The activities that we did during the last week and a half focused on community roles and levels of organization. We'll be continuing to hit on those as we get into community interactions and resource movement over the next two weeks. I think that ecological disturbances should be introduced gradually as I touch on the topics related to each type of disturbance; for example, now that I've dealt with community roles, I can introduce the students to what happens when you take out a predator at the top of the food web, or when you remove a key prey resource that a secondary consumer depends on.

Alternatives to "Look it up in the Dictionary"

This was an excerpt from Words, Words, Words by Janet Allen, and it was one of the most resource-rich reading assignments we've had to date. Unlike some of the other chapters we've read, which were full of good ideas but had little in the way of illustration, this book actually shows us what these literacy tools are supposed to look like.

The chapter opens by pointing out something that I had never really considered about teaching vocabulary: for students who have a low literacy level, looking something up in the dictionary really isn't very helpful. This was rarely an issue for me as a child: since I had been reading for as long as I could remember, I had little trouble understanding most dictionary definitions. If they used a word I didn't understand, I'd look up that word. Ms Allen tells of a situation where this went awry for her students, and the anecdote is both funny and tragic:

I handed out lists of words and had students copy definitions and write the words in sentences. Still they didn't know the words. They asked me which definition to copy from the dictionary. I told them to copy the one that made sense, the one that fit the context. They looked at me as if I were an alien and asked, "Can we copy the shortest one?" None of the definitions made sense to them. Often they didn't even understand the words used in the definitions. (p. 33)

Another thing that she points out is that often the parts of a definition don't capture the whole. Defining "floozy" as "a slovenly or vulgar woman" doesn't really tell us the functional meaning of the word, i.e., a slut. Partly, this is the result of the dictionary using polite, circumspect language that doesn't fit the spirit of the word, but part of it is just that the definition can't capture the context in which the word is used.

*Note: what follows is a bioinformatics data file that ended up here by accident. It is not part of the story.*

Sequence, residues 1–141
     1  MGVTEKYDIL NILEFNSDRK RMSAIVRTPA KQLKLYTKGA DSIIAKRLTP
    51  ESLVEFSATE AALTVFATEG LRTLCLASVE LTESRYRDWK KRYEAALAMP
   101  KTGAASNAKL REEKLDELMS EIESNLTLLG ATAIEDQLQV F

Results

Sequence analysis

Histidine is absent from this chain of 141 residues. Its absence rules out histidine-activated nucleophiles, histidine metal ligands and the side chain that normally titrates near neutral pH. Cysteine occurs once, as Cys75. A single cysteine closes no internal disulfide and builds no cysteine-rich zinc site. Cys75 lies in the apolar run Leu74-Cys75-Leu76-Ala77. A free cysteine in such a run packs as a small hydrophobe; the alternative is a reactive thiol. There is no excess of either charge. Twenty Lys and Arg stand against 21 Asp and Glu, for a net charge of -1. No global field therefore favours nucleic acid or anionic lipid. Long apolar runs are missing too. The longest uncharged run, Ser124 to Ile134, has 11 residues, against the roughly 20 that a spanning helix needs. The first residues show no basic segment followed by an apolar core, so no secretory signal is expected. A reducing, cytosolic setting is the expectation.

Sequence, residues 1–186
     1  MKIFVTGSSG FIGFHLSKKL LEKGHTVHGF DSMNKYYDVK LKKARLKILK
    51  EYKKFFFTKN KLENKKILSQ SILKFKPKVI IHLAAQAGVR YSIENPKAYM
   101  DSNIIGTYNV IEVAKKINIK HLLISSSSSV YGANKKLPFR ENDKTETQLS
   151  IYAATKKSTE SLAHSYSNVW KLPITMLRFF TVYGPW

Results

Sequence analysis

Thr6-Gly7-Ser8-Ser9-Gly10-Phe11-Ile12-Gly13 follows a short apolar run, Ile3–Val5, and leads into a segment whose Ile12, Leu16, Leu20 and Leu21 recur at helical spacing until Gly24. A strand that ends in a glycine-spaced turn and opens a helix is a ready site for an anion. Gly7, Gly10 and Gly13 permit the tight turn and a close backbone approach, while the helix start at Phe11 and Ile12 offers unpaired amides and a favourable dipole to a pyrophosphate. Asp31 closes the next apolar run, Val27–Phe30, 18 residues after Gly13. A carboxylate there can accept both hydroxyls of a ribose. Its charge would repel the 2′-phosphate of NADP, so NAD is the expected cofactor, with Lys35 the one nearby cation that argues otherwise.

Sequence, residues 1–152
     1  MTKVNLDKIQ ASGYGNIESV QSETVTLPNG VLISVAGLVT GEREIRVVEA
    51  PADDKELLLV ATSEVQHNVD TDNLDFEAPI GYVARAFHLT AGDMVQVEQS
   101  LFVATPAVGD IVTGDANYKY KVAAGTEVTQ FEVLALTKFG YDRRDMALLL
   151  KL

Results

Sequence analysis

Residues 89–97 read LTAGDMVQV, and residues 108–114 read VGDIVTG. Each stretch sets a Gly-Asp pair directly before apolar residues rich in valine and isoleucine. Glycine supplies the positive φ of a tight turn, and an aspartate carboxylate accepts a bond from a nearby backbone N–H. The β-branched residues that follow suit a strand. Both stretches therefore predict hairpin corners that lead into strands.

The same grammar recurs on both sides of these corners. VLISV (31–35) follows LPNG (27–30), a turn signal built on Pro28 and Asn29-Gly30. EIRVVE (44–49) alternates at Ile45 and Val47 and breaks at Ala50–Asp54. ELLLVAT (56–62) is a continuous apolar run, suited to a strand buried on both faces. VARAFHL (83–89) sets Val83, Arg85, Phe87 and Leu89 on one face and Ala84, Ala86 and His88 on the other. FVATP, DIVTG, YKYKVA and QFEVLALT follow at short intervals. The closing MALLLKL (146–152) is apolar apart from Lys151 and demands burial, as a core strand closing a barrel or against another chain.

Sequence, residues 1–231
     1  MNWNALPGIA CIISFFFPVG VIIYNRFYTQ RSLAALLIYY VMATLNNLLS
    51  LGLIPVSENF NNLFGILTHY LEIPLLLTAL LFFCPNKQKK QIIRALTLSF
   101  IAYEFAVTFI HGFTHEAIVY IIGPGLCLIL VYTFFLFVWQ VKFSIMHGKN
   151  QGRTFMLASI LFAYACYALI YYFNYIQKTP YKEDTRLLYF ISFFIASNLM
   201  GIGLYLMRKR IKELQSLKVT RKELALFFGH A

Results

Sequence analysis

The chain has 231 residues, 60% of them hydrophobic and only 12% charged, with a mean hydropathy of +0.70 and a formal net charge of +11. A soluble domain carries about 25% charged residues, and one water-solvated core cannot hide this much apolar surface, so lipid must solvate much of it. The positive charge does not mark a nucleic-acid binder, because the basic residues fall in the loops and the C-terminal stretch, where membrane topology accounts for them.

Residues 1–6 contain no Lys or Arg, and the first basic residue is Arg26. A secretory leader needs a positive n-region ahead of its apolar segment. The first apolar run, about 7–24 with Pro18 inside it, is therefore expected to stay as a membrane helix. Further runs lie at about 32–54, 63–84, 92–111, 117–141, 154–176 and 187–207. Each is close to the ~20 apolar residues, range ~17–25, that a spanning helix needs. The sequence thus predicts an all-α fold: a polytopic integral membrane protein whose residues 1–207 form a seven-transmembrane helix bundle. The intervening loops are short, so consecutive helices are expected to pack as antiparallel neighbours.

In light of these limitations of dictionary definitions, the different graphic organizers and worksheets illustrated in this chapter are a life-saver. Some of them are a bit complicated for my kids at this stage, and some seem much better-suited to Humanities than Science, but there are some gems here that I think could be useful in my class:

Concept Attainment (Figure 3.2): This could be useful for some of the "big idea" words that we discuss in science, though I'd have to think about which words in particular are best suited to this sort of analysis.

Concept Ladder: This sounds like it might be good for pre-assessment on scientific concepts, but I'd like to see a copy of the worksheet first.

ABC x 2: This is another one I want to see a copy of. I'm not sure if it would be useful or not, but it sounds like it could be.

Knowledge Chart: I like this one a lot. It's similar to the KWL charts, except that the "W" column is missing and it's focused on a specific word rather than a broad concept.

Analysis Map: This is another one that seems like it would be a good thinking tool for "big idea" concepts -- not so much for teaching vocabulary initially as for helping them to organize their thoughts after they've had some instruction on a topic.

Context-Content-Experience: This one is really cool, but it also seems very cerebral and a little complicated to fill out. I'm impressed by the student who was able to draw examples from PE, Math and Science for the concept of "metamorphosis". I don't think my students are ready yet for this level of sophistication.

Words in Context: This could be really useful with science words, since it breaks up the target word into its separate parts. Most scientific words are made up of a fairly predictable set of components, and getting my students to recognize those components would be very helpful in their ongoing education. Of course, as Ms Allen points out, if you can fill out this worksheet on your own, you don't need it, so this is something we'd have to do as a class and/or in table groups.

Thinking Trees: This one immediately made me think of my students' end-of-the-year class project, which is to create a poster, handout and verbal presentation about an ecological issue. I love how the organizer moves the student from the broad to the narrow, from the general to the specific, and from problems to possible solutions. This could be really useful for organizing their thoughts and research in preparation for doing their posters.

The trick now is going to be figuring out which tools will give me the most "bang for the buck" with the small amount of time remaining in the semester. Ms Allen warns against weighing students down with too many worksheets, and the point is well-taken. How can I give my students the best support possible without giving them so much to do that they miss out on the point of the exercise?